The Name of the Divine Church

By Cecil Willis

Nothing In a Name??

We are living in an age in which people think the name of an organization is unimportant. ,People seem to have been swept off their feet by the adage, “There’s nothing in a name!” Others prefer to quote Shakespeare attempting to prove the name of the church is unimportant, as he says, “a rose called by some other name would smell just as sweet.” But there is something in a name, and in speaking of almost any object besides the church, men readily will admit there is much in a name. Would you be willing for your wife to be called by another’s name? Or are you “narrow-minded” enough to think that since she is your wife, therefore she should wear your name? Is the name one wears really important? In speaking of this example all would admit that the name is important. If the name by which one is called is of no consequence, it should be perfectly all right to call a good American a “Communist,” or a truthful man a “liar,” or an upright citizen a “criminal.” After all, if it be true that, there is nothing in a name, it would make no difference what we are called. We realize there is something in a name.

But when it comes to spiritual matters, there is everything in a name. It is certainly important that we wear the right name. Men have deceived themselves into taking all too lightly the actions of God. When God calls the name of the church through the Apostles, it is a matter of tremendous consequence for a finite creature such as you or me to attempt to change the decree of God. It is an insult to God. It amounts to saying we are not pleased with what God has done, and that we feel we can improve upon it.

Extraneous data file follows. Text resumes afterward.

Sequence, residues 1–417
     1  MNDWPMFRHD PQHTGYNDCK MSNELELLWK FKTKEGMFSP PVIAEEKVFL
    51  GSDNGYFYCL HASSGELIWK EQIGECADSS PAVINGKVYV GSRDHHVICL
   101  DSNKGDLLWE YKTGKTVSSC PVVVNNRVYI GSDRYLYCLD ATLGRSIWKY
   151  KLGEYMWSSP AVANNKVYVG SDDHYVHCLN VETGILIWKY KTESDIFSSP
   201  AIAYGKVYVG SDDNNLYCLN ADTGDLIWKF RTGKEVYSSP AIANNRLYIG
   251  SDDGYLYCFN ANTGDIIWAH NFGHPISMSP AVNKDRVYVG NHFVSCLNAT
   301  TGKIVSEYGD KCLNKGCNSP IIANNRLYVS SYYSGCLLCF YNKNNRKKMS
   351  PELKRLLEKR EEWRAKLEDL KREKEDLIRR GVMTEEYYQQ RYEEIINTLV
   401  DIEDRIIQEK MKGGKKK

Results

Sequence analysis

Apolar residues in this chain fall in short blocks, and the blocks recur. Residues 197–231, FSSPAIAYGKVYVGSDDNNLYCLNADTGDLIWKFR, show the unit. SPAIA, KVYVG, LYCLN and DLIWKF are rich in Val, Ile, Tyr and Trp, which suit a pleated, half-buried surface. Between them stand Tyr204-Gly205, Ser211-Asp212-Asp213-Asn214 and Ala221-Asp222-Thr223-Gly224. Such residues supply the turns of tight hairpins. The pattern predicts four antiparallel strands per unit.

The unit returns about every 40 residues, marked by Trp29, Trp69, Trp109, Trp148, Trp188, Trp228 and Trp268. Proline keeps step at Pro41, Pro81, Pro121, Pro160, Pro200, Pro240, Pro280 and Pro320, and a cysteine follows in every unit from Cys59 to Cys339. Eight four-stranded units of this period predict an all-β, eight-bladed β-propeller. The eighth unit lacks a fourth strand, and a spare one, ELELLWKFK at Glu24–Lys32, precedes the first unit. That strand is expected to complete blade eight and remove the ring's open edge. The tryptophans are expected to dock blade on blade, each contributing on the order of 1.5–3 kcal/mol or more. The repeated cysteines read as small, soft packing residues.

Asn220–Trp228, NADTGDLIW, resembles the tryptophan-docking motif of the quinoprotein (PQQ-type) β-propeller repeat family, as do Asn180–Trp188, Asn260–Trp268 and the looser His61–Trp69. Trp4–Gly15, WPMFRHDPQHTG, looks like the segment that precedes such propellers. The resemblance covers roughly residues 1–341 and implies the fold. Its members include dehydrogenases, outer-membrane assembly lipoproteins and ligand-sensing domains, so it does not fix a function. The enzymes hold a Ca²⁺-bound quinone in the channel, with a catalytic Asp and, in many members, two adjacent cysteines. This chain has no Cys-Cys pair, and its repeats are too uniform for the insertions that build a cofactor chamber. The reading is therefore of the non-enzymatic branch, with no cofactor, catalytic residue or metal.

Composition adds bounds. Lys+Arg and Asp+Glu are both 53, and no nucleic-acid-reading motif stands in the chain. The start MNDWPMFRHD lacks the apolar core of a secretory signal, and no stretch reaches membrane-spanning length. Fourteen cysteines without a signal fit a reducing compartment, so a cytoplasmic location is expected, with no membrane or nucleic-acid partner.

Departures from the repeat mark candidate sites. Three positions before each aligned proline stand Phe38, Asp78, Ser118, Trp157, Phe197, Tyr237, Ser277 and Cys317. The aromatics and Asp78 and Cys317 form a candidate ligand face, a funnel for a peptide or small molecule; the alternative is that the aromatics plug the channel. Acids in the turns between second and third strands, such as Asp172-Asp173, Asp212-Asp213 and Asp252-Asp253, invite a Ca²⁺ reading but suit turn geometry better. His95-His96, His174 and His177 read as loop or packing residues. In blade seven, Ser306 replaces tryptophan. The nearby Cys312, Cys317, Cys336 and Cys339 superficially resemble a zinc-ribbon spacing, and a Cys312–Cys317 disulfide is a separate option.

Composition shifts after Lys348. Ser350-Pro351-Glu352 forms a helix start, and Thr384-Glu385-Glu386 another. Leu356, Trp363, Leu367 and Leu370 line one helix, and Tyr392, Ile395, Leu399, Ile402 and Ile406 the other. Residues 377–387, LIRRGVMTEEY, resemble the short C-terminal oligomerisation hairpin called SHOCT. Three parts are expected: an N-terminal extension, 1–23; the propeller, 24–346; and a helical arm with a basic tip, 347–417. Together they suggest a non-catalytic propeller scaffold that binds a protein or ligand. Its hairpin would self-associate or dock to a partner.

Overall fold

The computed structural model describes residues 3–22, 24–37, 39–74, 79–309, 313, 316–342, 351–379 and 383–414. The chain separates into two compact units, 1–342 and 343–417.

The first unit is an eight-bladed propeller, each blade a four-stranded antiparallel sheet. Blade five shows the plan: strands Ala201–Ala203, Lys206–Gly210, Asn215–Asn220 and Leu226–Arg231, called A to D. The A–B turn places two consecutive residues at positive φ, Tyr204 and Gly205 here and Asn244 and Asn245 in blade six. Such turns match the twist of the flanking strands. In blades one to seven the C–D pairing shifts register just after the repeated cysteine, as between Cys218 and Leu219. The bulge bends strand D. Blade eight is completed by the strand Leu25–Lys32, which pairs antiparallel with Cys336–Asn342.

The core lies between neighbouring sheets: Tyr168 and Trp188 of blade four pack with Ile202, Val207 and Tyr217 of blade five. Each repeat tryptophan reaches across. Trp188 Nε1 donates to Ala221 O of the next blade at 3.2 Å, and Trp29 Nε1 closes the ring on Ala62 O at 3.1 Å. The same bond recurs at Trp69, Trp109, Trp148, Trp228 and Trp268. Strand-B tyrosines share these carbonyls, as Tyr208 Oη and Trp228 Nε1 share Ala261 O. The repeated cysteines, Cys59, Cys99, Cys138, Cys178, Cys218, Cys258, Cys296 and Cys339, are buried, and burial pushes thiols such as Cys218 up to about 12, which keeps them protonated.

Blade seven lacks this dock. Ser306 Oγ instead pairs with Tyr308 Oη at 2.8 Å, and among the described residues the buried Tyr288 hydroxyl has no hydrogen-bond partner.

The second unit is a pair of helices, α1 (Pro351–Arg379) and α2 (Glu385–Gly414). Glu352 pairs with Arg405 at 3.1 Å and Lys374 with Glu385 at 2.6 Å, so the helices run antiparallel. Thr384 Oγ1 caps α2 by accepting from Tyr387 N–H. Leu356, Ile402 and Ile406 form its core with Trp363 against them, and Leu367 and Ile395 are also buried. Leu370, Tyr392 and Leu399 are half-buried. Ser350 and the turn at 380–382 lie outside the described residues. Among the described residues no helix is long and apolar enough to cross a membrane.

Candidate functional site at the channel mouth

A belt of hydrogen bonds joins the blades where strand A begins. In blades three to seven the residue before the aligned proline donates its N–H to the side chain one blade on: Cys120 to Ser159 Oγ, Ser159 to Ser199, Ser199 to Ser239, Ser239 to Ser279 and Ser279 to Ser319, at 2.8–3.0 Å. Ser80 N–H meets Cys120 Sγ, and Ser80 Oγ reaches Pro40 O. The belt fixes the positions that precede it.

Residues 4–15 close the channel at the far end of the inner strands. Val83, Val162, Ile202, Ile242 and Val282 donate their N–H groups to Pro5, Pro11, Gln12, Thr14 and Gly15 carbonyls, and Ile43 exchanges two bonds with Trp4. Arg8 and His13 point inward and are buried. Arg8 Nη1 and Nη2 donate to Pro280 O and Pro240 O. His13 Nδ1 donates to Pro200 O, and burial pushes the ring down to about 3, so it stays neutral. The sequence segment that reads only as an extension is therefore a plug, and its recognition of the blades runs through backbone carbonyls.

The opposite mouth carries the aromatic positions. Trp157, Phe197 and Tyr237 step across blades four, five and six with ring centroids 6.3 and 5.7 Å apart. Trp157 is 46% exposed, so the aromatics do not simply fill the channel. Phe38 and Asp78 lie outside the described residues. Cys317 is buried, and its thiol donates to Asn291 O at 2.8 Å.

There is something in a name. Paul thought there was. He wrote to a church one time, in which people were wearing wrong names, and he reprimanded them for such divisive actions, He says: “For it hath been signified unto me concerning you, my brethren, by them that are of the household of Chloe, that there are contentions among you. Now this I mean, that each one of you saith, I am of Paul; and I of Apollos; and I of Cephas; and I of Christ. Is Christ divided? was Paul crucified for you? or were ye baptized into the name of Paul?” (1 Cor. 1:11-13). Does this sound as though it makes no difference what name you wear? It certainly does not. Paul is saying it is wrong for you to wear the name of Paul, Peter, or Apollos. He says you should wear the name of Him into whose name you were baptized, and of Him who was crucified for you, which of course, is Jesus the Christ. To wear another’s name would be sin. Yet when a passage is as plain as this, men and women seem to think nothing at all is wrong with them wearing the name of some preacher who is of much less importance than Paul or Peter.

Is there anything in a name? Let us read a passage from the Bible, and you may answer the question for yourself. I know, after considering this reference, you cannot answer the question incorrectly, if you will but consider it carefully. Peter, in speaking of Christ, says: “And in none other is there salvation: for neither is there any other name under heaven, that is given among men, wherein we must be saved” (Acts 4:12). There is salvation in no other name under heaven, than the name of Christ. And yet, people will tell you “There’s nothing in a name.” That just is not so! There is something in a name. There is salvation in a name. There is redemption in the name of Christ, and outside him one cannot be saved.

Names of the Church